carbonado

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English[edit]

Pronunciation[edit]

Carbonados, in this case beef sausages that have been scored and broiled, in Frankfurt, Hesse, Germany

Etymology 1[edit]

From Spanish carbonada (carbonized) (from carbonar (to carbonize)) + -ado (suffix forming past participles of regular verbs ending in -ar). Carbonada appears to have been modelled after Italian carbonata (coal pile; stew of beef in red wine), from carbone (coal; charcoal) (from Latin carbō (coal; charcoal), from Proto-Indo-European *ker- (to burn)) + -ata.[1]

The verb is derived from the noun.[2]

Noun[edit]

carbonado (plural carbonados or carbonadoes)

  1. (cooking, dated) Meat or fish that has been scored and broiled.
    Synonym: carbonade
    • c. 1587–1588, [Christopher Marlowe], Tamburlaine the Great. [] The First Part [], part 1, 2nd edition, London: Printed by [R. Robinson for] Richard Iones, [], published 1592, OCLC 932920499; reprinted as Tamburlaine the Great (A Scolar Press Facsimile), Menston, Yorkshire; London: Scolar Press, 1973, →ISBN, Act IV, scene iv:
      Take it vp Villain, and eat it, or I will make thee ſlice the brawnes of thy armes into carbonadoes, and eat them.
    • c. 1608–1609, William Shakespeare, “The Tragedy of Coriolanus”, in Mr. William Shakespeares Comedies, Histories, & Tragedies: Published According to the True Originall Copies (First Folio), London: Printed by Isaac Iaggard, and Ed[ward] Blount, published 1623, OCLC 606515358, [Act IV, scene v], page 23, column 1:
      [T]o ſay the Troth on't before Corioles, he ſcotcht him, and notcht him like a Carbinado.
    • 1861, William Harrison Ainsworth, “The Constable of the Tower. An Historical Romance.”, in Bentley’s Miscellany, volume XLIX, London: Chapman and Hall, [], OCLC 1071749920, book I, chapter XIX (Pulvis Pulveri, Cinis Cineri), page 390:
      Our giants again found their way to the larder, and broke theirfast with collops, rashers, carbonados, a shield of brawn and mustard, and a noble sirloin of beef, making sad havoc with the latter, and washing down the viands with copious draughts of humming ale.
    • 1867, John Timbs, “The English Housewife”, in Nooks and Corners of English Life, Past and Present, 2nd edition, London: Griffith and Farran, (successors to Newbery and Harris,) [], OCLC 84290335, page 163:
      The carbonadoes consisted of any meat scotched on both sides and sprinkled with seasonings in various combinations, and then either broiled over the fire or before it.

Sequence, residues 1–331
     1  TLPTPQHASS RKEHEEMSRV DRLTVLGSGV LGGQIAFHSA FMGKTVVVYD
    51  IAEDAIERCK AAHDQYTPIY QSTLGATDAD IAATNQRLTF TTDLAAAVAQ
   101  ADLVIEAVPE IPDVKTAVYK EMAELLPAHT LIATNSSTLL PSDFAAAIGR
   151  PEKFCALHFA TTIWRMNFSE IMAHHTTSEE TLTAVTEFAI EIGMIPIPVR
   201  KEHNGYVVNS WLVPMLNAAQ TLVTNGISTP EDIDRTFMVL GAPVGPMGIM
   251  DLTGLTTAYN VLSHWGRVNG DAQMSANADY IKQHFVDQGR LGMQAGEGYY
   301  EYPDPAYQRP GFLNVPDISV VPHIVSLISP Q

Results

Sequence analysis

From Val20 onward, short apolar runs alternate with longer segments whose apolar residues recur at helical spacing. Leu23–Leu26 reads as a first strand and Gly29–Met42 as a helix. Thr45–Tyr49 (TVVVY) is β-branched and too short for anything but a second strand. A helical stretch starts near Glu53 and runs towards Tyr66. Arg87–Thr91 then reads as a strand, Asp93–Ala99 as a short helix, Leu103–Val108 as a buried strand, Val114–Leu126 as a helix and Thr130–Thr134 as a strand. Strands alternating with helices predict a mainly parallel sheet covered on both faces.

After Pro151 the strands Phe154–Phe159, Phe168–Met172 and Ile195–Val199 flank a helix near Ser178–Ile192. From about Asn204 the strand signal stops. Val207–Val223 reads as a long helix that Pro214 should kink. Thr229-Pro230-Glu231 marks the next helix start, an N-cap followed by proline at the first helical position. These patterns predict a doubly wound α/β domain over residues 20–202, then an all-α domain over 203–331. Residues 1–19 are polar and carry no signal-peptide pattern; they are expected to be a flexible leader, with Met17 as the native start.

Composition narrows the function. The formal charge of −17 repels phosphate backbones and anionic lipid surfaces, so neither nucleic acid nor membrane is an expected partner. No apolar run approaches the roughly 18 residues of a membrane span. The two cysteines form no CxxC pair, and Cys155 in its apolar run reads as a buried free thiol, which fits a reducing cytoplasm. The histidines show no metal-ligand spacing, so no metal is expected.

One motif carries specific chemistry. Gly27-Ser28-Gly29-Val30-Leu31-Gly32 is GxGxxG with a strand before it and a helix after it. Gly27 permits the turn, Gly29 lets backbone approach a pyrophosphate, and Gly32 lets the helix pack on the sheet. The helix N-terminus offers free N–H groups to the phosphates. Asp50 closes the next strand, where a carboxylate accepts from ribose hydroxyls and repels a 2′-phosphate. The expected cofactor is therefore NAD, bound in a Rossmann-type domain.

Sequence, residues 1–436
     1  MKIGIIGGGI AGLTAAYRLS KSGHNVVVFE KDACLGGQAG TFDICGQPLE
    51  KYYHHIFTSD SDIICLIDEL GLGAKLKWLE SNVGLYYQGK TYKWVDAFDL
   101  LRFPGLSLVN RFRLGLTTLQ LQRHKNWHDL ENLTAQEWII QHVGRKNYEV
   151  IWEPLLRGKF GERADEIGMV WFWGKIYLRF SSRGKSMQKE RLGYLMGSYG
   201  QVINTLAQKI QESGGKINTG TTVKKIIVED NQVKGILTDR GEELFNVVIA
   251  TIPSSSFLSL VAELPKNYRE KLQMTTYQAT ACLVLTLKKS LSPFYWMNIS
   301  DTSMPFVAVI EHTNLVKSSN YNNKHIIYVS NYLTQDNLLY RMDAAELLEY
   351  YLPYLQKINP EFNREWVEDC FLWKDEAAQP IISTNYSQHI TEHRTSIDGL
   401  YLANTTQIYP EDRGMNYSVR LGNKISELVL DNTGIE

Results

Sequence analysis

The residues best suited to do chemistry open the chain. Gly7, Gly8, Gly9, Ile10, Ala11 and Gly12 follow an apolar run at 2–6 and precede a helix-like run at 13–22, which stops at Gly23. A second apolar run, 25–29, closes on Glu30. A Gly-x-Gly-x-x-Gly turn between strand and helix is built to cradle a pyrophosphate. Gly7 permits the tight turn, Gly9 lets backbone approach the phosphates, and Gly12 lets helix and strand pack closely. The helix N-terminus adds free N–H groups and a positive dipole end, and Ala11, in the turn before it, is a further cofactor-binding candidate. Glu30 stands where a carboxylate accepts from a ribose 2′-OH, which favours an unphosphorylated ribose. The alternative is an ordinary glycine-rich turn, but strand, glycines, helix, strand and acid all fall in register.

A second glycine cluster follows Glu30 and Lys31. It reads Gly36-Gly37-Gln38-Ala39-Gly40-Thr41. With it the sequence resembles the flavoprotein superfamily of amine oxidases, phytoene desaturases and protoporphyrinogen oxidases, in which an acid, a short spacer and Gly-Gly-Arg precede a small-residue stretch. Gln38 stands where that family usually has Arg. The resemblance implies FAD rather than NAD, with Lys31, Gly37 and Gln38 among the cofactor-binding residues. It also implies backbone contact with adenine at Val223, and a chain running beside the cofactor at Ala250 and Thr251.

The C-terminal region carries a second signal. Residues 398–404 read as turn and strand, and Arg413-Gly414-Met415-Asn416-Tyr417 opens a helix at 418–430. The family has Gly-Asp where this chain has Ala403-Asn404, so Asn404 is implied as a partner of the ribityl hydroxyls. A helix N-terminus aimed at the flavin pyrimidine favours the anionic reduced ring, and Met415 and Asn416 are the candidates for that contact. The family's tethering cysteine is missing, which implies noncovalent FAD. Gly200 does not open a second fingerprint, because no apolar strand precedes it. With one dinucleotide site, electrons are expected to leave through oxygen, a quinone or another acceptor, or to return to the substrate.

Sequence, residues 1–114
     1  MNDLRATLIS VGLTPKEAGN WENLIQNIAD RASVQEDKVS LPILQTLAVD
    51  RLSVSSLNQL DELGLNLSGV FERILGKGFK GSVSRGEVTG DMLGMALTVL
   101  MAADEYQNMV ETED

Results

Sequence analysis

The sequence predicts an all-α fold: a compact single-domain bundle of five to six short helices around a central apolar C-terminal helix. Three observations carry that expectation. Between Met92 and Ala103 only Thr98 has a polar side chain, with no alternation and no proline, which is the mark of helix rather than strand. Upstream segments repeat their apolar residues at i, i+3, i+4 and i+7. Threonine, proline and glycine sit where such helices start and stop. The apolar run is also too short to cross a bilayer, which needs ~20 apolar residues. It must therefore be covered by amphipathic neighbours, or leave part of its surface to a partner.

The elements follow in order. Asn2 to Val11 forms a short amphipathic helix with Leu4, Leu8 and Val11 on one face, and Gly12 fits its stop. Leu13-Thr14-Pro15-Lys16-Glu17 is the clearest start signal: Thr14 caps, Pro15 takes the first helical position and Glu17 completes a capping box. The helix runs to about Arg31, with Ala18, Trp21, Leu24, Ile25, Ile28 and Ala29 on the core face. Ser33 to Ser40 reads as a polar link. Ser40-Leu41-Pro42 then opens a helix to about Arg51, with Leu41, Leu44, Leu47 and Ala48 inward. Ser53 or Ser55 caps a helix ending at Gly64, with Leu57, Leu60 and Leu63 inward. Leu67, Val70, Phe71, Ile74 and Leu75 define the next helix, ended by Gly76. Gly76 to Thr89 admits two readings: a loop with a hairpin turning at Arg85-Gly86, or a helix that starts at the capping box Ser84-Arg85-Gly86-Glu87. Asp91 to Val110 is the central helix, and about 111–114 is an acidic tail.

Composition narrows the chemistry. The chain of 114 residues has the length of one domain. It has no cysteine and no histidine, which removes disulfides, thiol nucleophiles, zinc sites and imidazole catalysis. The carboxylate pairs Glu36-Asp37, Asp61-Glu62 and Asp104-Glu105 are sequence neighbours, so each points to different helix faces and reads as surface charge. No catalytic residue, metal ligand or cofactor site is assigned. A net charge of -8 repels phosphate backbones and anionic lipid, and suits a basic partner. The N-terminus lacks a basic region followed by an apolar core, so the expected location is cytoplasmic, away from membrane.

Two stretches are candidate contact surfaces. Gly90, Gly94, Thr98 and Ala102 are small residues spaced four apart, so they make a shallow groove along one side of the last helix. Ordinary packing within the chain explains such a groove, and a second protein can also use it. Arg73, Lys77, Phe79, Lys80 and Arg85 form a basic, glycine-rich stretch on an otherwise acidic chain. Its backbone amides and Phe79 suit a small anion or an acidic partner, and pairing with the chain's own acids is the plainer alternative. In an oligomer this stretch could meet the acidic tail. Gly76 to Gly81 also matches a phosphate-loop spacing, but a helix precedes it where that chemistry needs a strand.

• 1989, Rose Tremain, “Wedding Games”, in Restoration: A Novel, London: Hamish Hamilton, →ISBN; republished London: Random House, 2010, →ISBN:
      With a quick sweep of my eye, I see fricassées, steamed bass and poached salmon, roast snipe, peacock, teal, mallard and quail, game pies and carbonados, tarts of marrowbone, neats' tongues, venison pasties, baked guinea fowl, compound salads, dishes of cream, quinces, comfits and marzipans, preserves, cheeses and fruits.
Translations[edit]

Verb[edit]

carbonado (third-person singular simple present carbonados, present participle carbonadoing, simple past and past participle carbonadoed)

  1. (transitive, dated, also figuratively) To make a carbonado of; to score and broil.
    • c. 1615–1616, Francis Beaumont; John Fletcher, “Loves Pilgramage, a Comedy”, in Fifty Comedies and Tragedies. [], [part 2], London: Printed by J[ohn] Macock [and H. Hills], for John Martyn, Henry Herringman, and Richard Marriot, published 1679, OCLC 1015511273, Act I, scene i, page 69, column 2:
      Has he beſpoke, what will he have a brace, / Or but one Partridge, or a ſhort-leg'd Hen, / Daintyly carbonado'd?
    • 1623, G[ervase] M[arkham], “Of the Outward and Actiue Knowledge of the Hous-wife; and of Her Skill in Cookerie; as Sallets of All Sorts, with Flesh, Fish, Sauces, Pastrie, Banqueting-stuffe, and Ordering of Great Feasts: Also Distillations, Perfumes, Conceited Secrets, and Preseruing Wine of All Sorts”, in Covntrey Contentments, or The English Husvvife. [], London: Printed by I. B. for R. Iackson, [], OCLC 42982121, page 91:
      Now for the manner of Carbonadoing, it is in this ſort; you ſhall firſt take the meate you muſt Carbonadoe, and ſcorch it both aboue and below, then ſprinkle good ſtore of Salt vpon it, and baſte it all ouer with ſweet Butter melted, []
    • 1675, William Rabisha, “Book IX. Contains Hash, Stewed, Broyled and Carbonadoed Meats.”, in The Whole Body of Cookery Dissected: [], 2nd edition, London: Printed for E. C. [a]nd are to be sold by Francis Smith, [], OCLC 53981559, page 94: